CBD for Dogs: What It Is and How It Might Help With Your Dog's Pain or Anxiety
Thinking of giving your dog a CBD oil or chew? Read this first.
Seemingly everyone wants to know about CBD for dogs. Just ask Leslie Sinn, CPDT-KA, DVM, and member of the Daily Paws advisory board: Her Behavior Solutions clients ask about using CBD products nearly every day.
Usually, they'll wait until the very end of the consultation to bring it up, and Sinn knows what's coming. After all, the CBD pet market is primed to grow massively over the next several years as it catches up with human CBD use.
"You're going to ask me about CBD, aren't you?" Sinn said in a lecture she gave last year.
Unfortunately, there are no easy answers to those CBD questions. Many veterinarians are eager and willing to learn more about CBD products, since some research and anecdotal evidence indicate it can ease pain and anxiety. But we're still learning how the oils, chews, and gels might be able to help our dogs. Consensus has grown to a point where many pet health professionals view CBD products as a treatment worth trying, says Narda G. Robinson, DO, DVM, MS, FAAMA.
Another complicating factor: CBD products fall under the laws of wherever you live. In some areas, your veterinarian might not even be allowed legally to talk with you about a CBD product. They aren't prescribed, so in most cases dog owners are on their own looking for a CBD product.
"Accessing the product is not as much of a hurdle as knowing what's in it," Robinson tells Daily Paws. The largely unregulated market means it's difficult to guarantee how much CBD is in a product, and what other additives might be part of the makeup. (More on that later.)
What is CBD?
CBD, or cannabidiol, comes from cannabis plants. However, unlike marijuana, it doesn't contain delta-9-tetrahydrocannabinol, more commonly known as THC. That's what's responsible for marijuana's high.
The CBD compound interacts with humans' and dogs' endocannabinoid systems (ECS), which keeps our bodies' other systems working smoothly, Sinn says. The ECS receptors, which also help regulate pain, are found throughout our bodies-brain, muscles, liver, spleen-meaning CBD has an "enormous potential for influencing disease outcomes," she adds. It's why you might hear of dog owners using CBD to treat anything from anxiety to seizures to cancer.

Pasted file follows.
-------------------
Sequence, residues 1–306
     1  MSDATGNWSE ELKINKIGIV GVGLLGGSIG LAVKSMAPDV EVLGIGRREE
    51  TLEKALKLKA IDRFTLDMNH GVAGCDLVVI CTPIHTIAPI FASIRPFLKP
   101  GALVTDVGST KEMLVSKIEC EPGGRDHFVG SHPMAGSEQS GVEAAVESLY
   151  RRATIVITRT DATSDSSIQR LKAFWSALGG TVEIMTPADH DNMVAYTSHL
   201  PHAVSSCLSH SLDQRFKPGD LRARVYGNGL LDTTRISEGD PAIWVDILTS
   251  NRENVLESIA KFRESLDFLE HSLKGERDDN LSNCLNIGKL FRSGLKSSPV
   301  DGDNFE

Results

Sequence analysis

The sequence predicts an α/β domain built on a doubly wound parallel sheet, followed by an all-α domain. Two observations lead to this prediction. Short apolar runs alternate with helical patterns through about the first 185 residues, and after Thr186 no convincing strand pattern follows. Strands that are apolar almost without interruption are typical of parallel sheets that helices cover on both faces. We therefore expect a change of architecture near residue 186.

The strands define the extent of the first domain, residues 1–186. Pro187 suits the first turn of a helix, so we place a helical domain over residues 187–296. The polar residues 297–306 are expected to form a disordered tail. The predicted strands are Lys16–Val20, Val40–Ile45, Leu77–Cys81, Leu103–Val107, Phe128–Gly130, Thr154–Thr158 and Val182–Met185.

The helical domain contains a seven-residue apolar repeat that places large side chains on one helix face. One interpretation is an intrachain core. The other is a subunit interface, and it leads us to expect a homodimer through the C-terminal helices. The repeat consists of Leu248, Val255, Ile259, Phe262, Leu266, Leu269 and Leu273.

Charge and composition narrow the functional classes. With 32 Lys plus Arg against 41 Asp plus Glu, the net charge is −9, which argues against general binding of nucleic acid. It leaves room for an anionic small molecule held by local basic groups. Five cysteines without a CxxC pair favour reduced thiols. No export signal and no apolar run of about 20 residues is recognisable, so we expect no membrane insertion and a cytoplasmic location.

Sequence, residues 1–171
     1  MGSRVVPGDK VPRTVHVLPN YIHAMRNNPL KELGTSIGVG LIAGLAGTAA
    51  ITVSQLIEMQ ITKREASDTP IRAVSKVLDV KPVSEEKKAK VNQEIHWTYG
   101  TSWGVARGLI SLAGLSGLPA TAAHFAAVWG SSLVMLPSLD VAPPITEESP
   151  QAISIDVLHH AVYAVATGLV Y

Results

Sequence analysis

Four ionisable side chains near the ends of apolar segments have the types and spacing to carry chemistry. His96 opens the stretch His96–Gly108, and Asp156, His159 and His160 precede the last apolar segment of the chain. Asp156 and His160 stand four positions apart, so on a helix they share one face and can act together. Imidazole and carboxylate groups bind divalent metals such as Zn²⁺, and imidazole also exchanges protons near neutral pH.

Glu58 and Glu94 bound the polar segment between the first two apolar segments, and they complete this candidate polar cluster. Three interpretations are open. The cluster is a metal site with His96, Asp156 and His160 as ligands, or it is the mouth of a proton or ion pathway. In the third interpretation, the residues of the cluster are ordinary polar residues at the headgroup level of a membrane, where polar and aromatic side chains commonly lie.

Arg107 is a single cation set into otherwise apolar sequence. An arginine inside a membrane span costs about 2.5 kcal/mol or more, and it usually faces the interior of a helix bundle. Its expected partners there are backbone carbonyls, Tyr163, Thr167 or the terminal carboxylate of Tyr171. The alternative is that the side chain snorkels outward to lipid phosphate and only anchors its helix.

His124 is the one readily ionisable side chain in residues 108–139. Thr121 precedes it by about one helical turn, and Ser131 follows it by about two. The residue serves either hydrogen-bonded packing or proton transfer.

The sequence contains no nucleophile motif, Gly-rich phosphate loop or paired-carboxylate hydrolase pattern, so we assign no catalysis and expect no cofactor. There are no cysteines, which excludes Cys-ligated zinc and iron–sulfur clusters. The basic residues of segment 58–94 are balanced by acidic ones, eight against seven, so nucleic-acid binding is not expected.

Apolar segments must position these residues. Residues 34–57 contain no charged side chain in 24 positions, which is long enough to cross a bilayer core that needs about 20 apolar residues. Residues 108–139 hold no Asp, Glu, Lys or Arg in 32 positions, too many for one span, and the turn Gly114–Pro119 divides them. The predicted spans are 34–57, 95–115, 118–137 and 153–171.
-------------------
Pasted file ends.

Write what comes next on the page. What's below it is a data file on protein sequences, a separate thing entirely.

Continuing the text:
A clarification before we go on: Don't give your dog marijuana. It's not a CBD product, and it's actually toxic to dogs, sending them to the emergency vet in some cases, Sinn says. In early 2019, the ASPCA measured a 765 percent increase in calls on pet marijuana ingestion as more states legalized cannabis use.
Is CBD OK for Dogs?
Generally, CBD products are considered safe for dogs, though you'll want to do your research to find out what else is in the product. For instance, some human CBD products include xylitol, which is toxic for dogs. If you can, talk with your veterinarian about products you're thinking about using because they know your dog's medical history best and should be able to guide you regarding side affects or interactions with drugs your pet may already be taking. Your vet might be able to advise you, but you will likely have to be the one to bring it up, according to Consumer Reports.
Side effects from CBD products can include excessive sedation and diarrhea, Robinson and Sinn say. Remember, though, a dog taking a CBD product for pain or anxiety might experience side effects from something else in the CBD mixture, not the cannabidiol itself.
While it's considered safe, the research is still new, so we don't know how frequent CBD use could affect dogs in the long run.
"We don't know in the long term what the changes are in the body from something like CBD," Robinson says.
Can CBD Help Treat My Dog's Health Conditions?
Maybe! This is where limited research and anecdotal evidence converge, so it's best to approach your vet about this. Keep in mind that there are many variables at play here: the dog, the dog's medication, and the specific CBD product, for instance.